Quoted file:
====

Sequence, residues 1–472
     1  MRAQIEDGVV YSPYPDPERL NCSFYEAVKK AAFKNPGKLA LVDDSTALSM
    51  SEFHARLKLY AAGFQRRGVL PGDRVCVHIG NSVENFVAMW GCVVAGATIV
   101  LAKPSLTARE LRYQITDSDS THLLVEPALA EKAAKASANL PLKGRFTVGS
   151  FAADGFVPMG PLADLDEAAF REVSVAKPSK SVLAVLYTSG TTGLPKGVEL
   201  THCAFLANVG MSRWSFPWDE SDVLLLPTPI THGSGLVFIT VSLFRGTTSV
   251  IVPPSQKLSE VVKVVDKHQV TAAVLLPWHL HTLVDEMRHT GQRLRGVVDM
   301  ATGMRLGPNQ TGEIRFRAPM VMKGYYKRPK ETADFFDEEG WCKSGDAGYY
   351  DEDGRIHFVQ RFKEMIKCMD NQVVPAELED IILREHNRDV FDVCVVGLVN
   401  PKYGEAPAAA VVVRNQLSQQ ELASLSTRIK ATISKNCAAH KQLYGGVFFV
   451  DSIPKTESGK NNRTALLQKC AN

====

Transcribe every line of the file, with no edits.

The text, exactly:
Sequence, residues 1–472
     1  MRAQIEDGVV YSPYPDPERL NCSFYEAVKK AAFKNPGKLA LVDDSTALSM
    51  SEFHARLKLY AAGFQRRGVL PGDRVCVHIG NSVENFVAMW GCVVAGATIV
   101  LAKPSLTARE LRYQITDSDS THLLVEPALA EKAAKASANL PLKGRFTVGS
   151  FAADGFVPMG PLADLDEAAF REVSVAKPSK SVLAVLYTSG TTGLPKGVEL
   201  THCAFLANVG MSRWSFPWDE SDVLLLPTPI THGSGLVFIT VSLFRGTTSV
   251  IVPPSQKLSE VVKVVDKHQV TAAVLLPWHL HTLVDEMRHT GQRLRGVVDM
   301  ATGMRLGPNQ TGEIRFRAPM VMKGYYKRPK ETADFFDEEG WCKSGDAGYY
   351  DEDGRIHFVQ RFKEMIKCMD NQVVPAELED IILREHNRDV FDVCVVGLVN
   401  PKYGEAPAAA VVVRNQLSQQ ELASLSTRIK ATISKNCAAH KQLYGGVFFV
   451  DSIPKTESGK NNRTALLQKC AN